|Single by Brian Wilson|
|B-side||"Summer Means New Love"|
|Released||March 7, 1966|
|Recorded||January 31, 1966United Western Recorders, Hollywood,|
|Brian Wilson singles chronology|
|Song by The Beach Boys from the album Pet Sounds|
|Released||May 16, 1966|
|Pet Sounds track listing|
"Caroline, No" is a song written by Brian Wilson and Tony Asher. It marked Wilson's solo debut when released as a single in March 1966, peaking at number 32 on the Billboard Hot 100. Two months later, Wilson's recording reappeared as the final track on the Beach Boys' studio album Pet Sounds.
Wilson compared the song to the music of Glenn Miller and the song "Hey Girl" (1963) as recorded by Freddie Scott, claiming that "Caroline, No" wasn't written about anyone in specific. On another occasion, he credited the song's inspiration to an unrequited love interest from high school who happened to be named Carol. Asher had also been acquainted with a different girl named Carol; they had recently broken up when the song was written. After Wilson produced his recording, he sped it up by one semi-tone to make his voice sound younger. When the song reappeared on Pet Sounds, he added recordings of his two dogs barking and a passing train, which close the LP.
The song was written by Brian Wilson and Tony Asher with the latter handling the majority of its lyrics. It was written in the key of C major before being transposed up one semitone into D-flat major. While it is commonly understood that Wilson composed the majority of the music on Pet Sounds, it has been claimed in Steven Gaines' book Heroes and Villains that "Caroline, No" was one of three songs in which Asher contributed musical ideas rather than acting solely as a co-lyricist; the other two being "That's Not Me" and "I Just Wasn't Made for These Times".
It was initially written as "Carol, I Know". When spoken, however, Brian Wilson heard this as "Caroline, No." After the confusion was resolved, the pair decided to keep the new title, feeling that it brought a poignant earnestness to the song's sad melody.  Asher believes the song encapsulated "Brian's wish that he could go back to simpler days, his wish that the group could return to the days when the whole thing was a lot of fun and very little pressure." Asher says his contributions were inspired by his former girlfriend, who had moved to New York and cut her hair: "I had recently broken up with my high school sweetheart who was a dancer and had moved to New York to make the big time on Broadway. When I went east to visit her a scant year after the move, she had changed radically. Yes, she had cut her hair. But she was a far more worldly person, not all for the worse. Anyway, her name was Carol."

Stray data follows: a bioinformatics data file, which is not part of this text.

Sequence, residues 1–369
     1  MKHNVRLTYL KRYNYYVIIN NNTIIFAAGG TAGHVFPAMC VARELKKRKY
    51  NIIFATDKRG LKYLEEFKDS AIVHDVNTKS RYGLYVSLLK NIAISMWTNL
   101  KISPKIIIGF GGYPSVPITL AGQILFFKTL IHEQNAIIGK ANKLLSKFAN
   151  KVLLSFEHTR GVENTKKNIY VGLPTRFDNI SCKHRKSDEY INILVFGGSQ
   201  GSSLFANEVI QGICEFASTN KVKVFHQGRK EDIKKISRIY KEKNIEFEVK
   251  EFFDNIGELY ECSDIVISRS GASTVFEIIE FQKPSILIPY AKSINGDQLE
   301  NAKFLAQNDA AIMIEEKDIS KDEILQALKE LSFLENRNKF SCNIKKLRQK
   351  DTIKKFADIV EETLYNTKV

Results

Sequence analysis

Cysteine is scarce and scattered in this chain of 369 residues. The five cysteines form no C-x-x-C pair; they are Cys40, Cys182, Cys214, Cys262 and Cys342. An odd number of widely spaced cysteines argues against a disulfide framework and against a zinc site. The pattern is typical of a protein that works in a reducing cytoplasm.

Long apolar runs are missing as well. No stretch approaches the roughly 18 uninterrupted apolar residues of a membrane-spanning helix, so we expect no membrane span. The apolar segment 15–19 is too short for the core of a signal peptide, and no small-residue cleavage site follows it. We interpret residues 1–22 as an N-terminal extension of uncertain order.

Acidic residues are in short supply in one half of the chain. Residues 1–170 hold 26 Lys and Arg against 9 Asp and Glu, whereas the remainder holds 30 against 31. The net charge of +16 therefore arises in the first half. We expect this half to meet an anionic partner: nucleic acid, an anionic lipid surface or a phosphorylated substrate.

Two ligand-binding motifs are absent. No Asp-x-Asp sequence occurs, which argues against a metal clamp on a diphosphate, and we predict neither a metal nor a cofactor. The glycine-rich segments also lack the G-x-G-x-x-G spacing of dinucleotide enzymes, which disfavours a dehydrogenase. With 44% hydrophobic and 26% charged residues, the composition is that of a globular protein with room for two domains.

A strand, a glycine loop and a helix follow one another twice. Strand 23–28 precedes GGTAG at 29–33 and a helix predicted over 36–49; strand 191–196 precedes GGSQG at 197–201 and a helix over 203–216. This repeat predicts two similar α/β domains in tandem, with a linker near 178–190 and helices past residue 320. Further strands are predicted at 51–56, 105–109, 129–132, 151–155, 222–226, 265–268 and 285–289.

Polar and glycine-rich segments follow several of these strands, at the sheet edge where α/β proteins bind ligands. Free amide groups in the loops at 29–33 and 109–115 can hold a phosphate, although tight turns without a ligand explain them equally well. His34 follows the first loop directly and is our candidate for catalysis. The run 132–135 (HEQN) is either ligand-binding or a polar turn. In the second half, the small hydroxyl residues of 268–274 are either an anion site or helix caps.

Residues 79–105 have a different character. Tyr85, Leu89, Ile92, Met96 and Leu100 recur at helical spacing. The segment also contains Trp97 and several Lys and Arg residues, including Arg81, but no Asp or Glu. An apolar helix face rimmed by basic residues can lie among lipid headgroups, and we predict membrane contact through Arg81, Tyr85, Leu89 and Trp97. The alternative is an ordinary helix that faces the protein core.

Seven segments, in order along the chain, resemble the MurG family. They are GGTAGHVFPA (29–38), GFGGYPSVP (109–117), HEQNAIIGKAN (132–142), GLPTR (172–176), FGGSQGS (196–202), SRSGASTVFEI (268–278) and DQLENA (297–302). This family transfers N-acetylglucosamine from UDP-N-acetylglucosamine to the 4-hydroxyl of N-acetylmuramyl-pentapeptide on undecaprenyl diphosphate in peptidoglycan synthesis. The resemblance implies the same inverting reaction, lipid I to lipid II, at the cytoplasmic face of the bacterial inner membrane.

In 2005, Wilson stated: "That song to me is a real tear jerker, very like 'Hey Girl' by Freddie Scott. It wasn't written about anyone. I just used the name Caroline." However, in high school, Wilson also became obsessed with Carol Mountain, a classmate and unrequited love interest. He said, "If I saw her today, I'd probably think, God, she's lost something, because growing up does that to people.' But the song was most influenced by the changes Marilyn and I had gone through. We were young, Marilyn nearing 20 and me closing in on 24, yet I thought we'd lost the innocence of our youth in the heavy seriousness of our lives. [Tony] took a tape home, embellished on my concept, and completed the words."
Both instrumental and vocal tracks were recorded on January 31, 1966 at United Western Recorders in Hollywood, Los Angeles, California. Wilson produced the session with Chuck Britz as the engineer. As with the rest of the Pet Sounds backing tracks, Wilson employed players from a select group of southern California session musicians, who were later nicknamed The Wrecking Crew. None of the other Beach Boys appeared on the record.
For "Caroline, No", harpsichord and bass flutes accompany more typical pop/rock instrumentation in a sound that, like other compositions from this period, reflects a jazz influence. The percussive exchange that opens the song features a tambourine and a large empty water bottle from the studio, played either by drummer Hal Blaine or percussionist Frankie Capp. Brian later stated, "'Caroline, No' was my favorite on the album, the prettiest ballad I've ever sung. Awfully pretty song. The melody and the chords were like Glenn Miller...a Glenn Miller-type bridge. The fade-out was like a 1944 kind of record...Listen for the flutes in the fadeout."
After Brian Wilson's double tracked vocals were overdubbed, the entire recording was sped up by a half step. This was done at the suggestion of Brian Wilson's father and erstwhile manager Murry. Brian explained that he preferred the "sweeter" sound of the sped-up version.
On the Pet Sounds LP, the sound of a passing train can be heard at the end of "Caroline, No", accompanied by barking from Brian's dogs, Banana and Louie. In the late 1990s, it was "rediscovered" that the train sound effect came from a sound effects LP titled Mister D's Machine, recorded in 1963 by Brad Miller. The album featured contemporary recordings of various trains around the Southern Pacific system. The sounds that were lifted for the end of the Pet Sounds album were that of Train #58, "The Owl", speeding through at 70 mph through Edison, California. The sound effects, minus Banana and Louie, are in true stereo on the original effects album.